Longitudinal Bend, Flexion, and Give

images (5)This lovely image shows a horse moving in the most elegant self-carriage. Longitudinal bend, flexion, and give create the lowered hind quarter, elevated front and ultimate lightness in movement.

My last post was concerned with the lateral bend of the horse. Today I hope to add the missing piece to put the puzzle together that will help you to connect the energy created in the hindquarter of the horse.

There is a vast number of articles in print regarding longitudinal bend and flexion, however, through working with my students and my own training I realize there is an important aspect that is very rarely discussed: GIVE,  so I thought I would share my prospective.

The difference between flexion and bend

Western dressage horse demonstrating longitudinal flexion
Longitudinal flexion

Longitudinal flexion is in regards  to the entire top line, (spine) of the horse in a straight line (versus lateral flexion, meaning left to right).

 

 

example of longitudinal bend
Longitudinal bend (Photo credit Ebony Park)

 

 

 

Longitudinal  bend is the lowering of the hindquarter caused through  hindquarter engagement which will produce a higher neck carriage and flexion at the poll.

Now if that doesn’t make you ponder for a moment, think about this: you can have longitudinal flexion without a bend, but you cannot have a longitudinal bend without flexion.

Confused you yet? I certainly had to sit with pen and paper and sketch that out the first time was told this tidbit of information. Since I would love it if you would stay with me for a while and not click me off, let me explain how it makes sense to me and what this post is really all about: Longitudinal give.

Creating a flow of energy in the back

In training our equine athletes we want to bring out their utmost athletic ability. In order to do this we want to develop a channel of energy of the entire spine. So when we cause the horse to round his back and soften that spine, we create flexion. If we want a greater use of the energy and power of the hind quarters we must keep the flexion, which will develop the strength and power. This enables the bending of the hindquarter joints, creating a lower hindquarter and elevated front end.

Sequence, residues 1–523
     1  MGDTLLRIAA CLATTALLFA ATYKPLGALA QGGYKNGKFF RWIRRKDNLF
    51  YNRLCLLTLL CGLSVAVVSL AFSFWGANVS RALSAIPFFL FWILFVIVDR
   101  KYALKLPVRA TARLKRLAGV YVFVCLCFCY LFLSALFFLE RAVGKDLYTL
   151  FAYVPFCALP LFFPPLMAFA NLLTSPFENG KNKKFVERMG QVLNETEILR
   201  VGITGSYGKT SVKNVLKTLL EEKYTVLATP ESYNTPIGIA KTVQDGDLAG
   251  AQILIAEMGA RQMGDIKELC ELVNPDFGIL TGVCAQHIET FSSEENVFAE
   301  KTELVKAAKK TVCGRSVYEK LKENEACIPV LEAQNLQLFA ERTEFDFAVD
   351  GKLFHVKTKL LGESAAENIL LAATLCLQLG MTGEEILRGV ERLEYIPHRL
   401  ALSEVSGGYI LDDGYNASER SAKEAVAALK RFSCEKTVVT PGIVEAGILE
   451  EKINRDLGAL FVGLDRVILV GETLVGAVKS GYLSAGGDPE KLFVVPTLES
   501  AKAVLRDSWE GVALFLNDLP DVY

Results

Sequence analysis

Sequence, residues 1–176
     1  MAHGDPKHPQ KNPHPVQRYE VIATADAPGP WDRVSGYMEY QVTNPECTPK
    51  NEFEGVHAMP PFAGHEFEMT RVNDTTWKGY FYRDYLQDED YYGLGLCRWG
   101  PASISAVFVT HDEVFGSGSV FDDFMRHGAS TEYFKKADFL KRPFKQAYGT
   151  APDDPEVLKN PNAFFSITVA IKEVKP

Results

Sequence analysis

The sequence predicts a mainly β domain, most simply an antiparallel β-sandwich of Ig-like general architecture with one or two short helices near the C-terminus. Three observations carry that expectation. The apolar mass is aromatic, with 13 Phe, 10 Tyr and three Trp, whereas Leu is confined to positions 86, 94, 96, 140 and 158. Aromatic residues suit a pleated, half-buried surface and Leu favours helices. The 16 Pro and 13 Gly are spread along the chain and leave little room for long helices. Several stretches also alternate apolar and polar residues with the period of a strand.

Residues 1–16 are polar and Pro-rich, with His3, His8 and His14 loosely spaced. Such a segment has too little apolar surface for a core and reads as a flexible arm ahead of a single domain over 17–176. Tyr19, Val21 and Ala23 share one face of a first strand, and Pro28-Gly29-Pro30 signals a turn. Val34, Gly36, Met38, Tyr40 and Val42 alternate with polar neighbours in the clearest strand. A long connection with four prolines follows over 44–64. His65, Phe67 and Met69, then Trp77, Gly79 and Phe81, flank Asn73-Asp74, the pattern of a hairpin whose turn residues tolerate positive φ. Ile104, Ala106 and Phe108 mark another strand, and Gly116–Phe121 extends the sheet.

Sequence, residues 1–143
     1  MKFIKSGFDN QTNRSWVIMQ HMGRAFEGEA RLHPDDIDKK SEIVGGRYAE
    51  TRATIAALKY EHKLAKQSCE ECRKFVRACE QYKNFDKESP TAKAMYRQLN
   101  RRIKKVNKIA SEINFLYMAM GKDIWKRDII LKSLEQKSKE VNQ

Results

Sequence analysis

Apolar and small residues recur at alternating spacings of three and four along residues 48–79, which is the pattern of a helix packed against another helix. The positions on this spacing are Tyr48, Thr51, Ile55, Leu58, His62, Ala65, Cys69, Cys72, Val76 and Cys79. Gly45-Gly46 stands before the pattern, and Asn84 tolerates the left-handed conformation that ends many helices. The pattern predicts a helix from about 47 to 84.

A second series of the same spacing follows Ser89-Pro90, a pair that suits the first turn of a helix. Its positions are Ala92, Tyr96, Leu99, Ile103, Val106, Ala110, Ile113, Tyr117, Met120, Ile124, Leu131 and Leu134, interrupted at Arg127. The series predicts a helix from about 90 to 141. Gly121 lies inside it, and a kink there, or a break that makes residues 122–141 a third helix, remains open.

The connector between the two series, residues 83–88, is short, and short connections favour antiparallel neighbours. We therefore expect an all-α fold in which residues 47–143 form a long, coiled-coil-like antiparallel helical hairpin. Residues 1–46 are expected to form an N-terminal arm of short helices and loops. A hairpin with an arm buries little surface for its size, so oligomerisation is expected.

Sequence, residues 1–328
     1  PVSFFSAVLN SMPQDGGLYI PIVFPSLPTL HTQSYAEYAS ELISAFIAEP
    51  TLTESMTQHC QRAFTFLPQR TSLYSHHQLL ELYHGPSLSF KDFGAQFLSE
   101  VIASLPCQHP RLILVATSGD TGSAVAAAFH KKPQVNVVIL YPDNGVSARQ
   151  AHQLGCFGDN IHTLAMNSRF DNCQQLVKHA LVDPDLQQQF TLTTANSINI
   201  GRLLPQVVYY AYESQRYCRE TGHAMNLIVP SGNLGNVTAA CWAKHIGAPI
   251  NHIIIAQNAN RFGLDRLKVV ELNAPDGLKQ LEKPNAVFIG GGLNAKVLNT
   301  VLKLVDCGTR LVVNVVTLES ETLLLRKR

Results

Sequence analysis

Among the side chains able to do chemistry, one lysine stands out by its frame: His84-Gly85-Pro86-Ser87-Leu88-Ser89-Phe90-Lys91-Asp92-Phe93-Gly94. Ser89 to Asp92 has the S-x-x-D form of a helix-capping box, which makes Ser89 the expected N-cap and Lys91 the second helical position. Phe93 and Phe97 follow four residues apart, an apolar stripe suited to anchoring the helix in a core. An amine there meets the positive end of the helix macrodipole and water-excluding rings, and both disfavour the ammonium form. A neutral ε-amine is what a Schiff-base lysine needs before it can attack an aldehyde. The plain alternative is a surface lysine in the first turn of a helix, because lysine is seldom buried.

The conflict in today’s training world is the idea that the more we round the horse’s back, the better it is. Because of this, riders of all disciplines have found usefulness in devices that force flexion. In my opinion this is tragic. Forcing a horse’s head position  between their legs or to the saddle with any number of tools (tie-downs, draw reins, etc) does not — I need to repeat that — does not develop a strong, supple back. What it does do is cause physical damage to the spine and muscles, and it does not allow a true connection of the entire horse.

It is truly the bend and lowering of the hindquarter developed through the flexibility of the spine that will create that flow of energy. It is a most amazing feeling of effortless energy under you. It is power with softness. It’s a feeling, once experienced, you will always continue to strive for.

Why longitudinal give is important

I added the word  “GIVE”  to the title because many times riders teach a horse to flex, but they do not release the pressure of the bit. Instead, they feel they must hold onto those reins with a steady pressure. In doing so, this encourages the horse to lean and to pull, which in itself does not allow self-carriage. This prevents the horse from moving freely through the spine.